A lawyer for Teina Pora says he will not be re-tried and his legal team now have compensation in their sights.
Mr Pora's convictions for the 1992 rape and murder of Auckland woman Susan Burdett were quashed by the Privy Council earlier this month.
His legal team says the Privy Council has recommended against another trial.
The decision on a retrial means Mr Pora, who has been on parole after being in prison for 21 years, would no longer be subject to parole conditions.
When the Privy Council quashed Mr Pora's convictions, it took the unusual step of calling for submissions on whether there should be a third trial.
Mr Pora's lawyer Jonathan Krebs said word had now come back from the Privy Council.
"This morning we received advice by email that the Privy Council recommending to their Majesty that an order be made that Mr Pora does not stand retrial. So that completes the appeal process. There is no retrial, and that's the end of the matter.
"Mr Pora is of course utterly delighted. It's a very emotional day for him. It's the end of 22 years."
Tim McKinnel, an investigator on Mr Pora's legal team, said he called Mr Pora to tell him about the Privy Council's recommendation, and he responded with stunned silence.
He said Mr Pora was now not only a free man, but an innocent man.
"There was a fair degree of surprise and joy in his voice, once he recovered from the initial shock - I would describe it as stunned silence. He was clearly pretty emotional.
"It's been a tough few weeks for him, waiting for this final part of the case to be dealt with."
Compensation under consideration
Teina Pora's legal team said he ought to get compensation but they were yet to discuss with him whether or not he wanted it.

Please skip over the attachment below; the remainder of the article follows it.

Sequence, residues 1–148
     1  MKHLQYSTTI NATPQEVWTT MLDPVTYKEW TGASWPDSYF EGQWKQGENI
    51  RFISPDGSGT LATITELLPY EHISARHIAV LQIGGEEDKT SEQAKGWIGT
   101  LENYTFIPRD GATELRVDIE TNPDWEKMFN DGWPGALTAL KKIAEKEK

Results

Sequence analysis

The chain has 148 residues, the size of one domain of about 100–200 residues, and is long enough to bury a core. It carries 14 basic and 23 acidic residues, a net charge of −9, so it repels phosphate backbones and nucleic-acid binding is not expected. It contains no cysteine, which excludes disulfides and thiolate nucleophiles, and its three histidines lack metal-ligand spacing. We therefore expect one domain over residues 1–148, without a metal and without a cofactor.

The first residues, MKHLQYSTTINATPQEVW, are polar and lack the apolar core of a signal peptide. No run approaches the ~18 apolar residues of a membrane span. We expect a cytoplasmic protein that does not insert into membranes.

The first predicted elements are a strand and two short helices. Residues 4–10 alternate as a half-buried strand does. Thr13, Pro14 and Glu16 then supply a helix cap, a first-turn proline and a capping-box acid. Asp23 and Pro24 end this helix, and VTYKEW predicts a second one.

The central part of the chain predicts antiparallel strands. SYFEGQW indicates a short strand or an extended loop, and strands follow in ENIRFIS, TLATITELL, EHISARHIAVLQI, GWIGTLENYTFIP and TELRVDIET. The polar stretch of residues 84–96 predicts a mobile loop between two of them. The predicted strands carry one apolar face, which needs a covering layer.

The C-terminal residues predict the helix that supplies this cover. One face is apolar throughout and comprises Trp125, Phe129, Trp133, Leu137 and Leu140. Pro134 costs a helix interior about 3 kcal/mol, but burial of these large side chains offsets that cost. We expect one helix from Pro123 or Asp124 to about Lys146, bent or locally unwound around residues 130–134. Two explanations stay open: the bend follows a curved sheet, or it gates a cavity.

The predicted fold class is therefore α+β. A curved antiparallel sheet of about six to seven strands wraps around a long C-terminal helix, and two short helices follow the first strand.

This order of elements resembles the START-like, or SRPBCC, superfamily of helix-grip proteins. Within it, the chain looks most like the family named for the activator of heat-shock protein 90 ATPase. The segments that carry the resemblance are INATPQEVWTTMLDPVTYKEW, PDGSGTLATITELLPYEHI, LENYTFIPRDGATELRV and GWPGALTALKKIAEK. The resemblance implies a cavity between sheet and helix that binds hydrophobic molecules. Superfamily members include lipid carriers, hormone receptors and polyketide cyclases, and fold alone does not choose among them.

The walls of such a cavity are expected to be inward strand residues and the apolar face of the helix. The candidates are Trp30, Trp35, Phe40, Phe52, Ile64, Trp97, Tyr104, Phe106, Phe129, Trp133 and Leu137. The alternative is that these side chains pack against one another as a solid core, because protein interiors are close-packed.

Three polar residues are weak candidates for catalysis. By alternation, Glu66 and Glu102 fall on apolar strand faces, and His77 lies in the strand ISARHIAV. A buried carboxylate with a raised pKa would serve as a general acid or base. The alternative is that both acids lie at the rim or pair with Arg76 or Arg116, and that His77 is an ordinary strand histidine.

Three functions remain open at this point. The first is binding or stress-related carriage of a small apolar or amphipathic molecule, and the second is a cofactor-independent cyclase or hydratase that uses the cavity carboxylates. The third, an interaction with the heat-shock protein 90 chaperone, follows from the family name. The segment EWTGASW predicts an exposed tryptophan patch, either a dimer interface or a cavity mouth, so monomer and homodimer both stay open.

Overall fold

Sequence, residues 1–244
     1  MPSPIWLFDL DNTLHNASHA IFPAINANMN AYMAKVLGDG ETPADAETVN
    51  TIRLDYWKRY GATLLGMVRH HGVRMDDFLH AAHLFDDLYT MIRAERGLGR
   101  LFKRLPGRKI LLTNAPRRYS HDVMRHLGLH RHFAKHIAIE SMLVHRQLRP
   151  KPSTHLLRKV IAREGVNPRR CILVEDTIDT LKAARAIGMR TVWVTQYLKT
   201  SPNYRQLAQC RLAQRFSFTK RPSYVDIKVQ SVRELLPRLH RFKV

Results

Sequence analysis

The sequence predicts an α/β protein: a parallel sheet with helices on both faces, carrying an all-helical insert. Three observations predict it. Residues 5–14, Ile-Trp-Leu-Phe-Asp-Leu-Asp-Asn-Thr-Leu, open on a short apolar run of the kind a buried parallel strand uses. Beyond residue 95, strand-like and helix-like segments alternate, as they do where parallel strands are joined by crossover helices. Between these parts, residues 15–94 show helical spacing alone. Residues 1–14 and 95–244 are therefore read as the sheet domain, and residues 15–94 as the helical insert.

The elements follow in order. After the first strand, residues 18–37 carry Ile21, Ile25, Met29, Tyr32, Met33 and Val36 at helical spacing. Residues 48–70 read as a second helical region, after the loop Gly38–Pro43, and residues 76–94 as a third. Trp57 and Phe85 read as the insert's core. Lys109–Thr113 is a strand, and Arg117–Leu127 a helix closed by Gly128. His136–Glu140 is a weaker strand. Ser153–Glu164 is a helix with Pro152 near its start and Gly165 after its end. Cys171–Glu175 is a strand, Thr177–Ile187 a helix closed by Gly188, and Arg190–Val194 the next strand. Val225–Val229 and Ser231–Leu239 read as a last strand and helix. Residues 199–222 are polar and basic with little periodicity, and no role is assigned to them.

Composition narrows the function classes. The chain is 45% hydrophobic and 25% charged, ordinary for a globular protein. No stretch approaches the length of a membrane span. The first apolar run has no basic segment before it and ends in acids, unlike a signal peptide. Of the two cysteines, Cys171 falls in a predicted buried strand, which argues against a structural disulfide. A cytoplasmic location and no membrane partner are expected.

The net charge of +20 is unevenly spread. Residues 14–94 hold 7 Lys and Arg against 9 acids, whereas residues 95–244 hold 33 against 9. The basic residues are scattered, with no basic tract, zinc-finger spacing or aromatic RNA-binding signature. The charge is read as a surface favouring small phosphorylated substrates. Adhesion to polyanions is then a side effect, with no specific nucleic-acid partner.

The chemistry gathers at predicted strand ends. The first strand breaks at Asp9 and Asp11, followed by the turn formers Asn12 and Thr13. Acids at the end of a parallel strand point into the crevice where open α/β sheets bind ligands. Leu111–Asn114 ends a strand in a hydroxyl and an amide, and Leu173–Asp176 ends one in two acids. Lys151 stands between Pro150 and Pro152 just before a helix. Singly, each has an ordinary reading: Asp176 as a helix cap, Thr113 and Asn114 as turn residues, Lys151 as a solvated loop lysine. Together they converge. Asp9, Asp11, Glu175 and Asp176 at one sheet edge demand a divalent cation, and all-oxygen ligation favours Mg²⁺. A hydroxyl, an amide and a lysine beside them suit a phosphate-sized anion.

One of his lawyers, Ingrid Squire, told Checkpoint that if her client wanted to go down the compensation path, then they would begin discussions with the Minister of Justice.
She said she didn't know what amount of compensation they would be seeking at this stage.
Ms Squire also said she didn't think Mr Pora would necessarily want a public apology but might want a statement of innocence to be issued from the Minister of Police.
Attorney-General to be consulted
Canterbury University Law School head Chris Gallavin said the Privy Council's recommendation now went to the Attorney-General.
"For all intents and purposes, his conviction has been quashed, his appeal has been granted, he's a free man until such time as the authorities make a positive decision to retry him again. Until that decision is made, then he is a free man."
Dr Gallavin said it was likely the Attorney-General would follow the Privy Council recommendation, and respond to it very quickly.
The office of the Attorney-General Chris Finlayson referred enquiries to Crown Law.
Solicitor-General Michael Heron QC - the CEO of Crown Law - said the Crown had not sought a retrial for Mr Pora.
He said Crown Law had consulted the police and Susan Burdett's family and submitted that a retrial was not in the public interest.
A spokesperson for Crown Law said it was understood the Privy Council would shortly confirm there would be no retrial.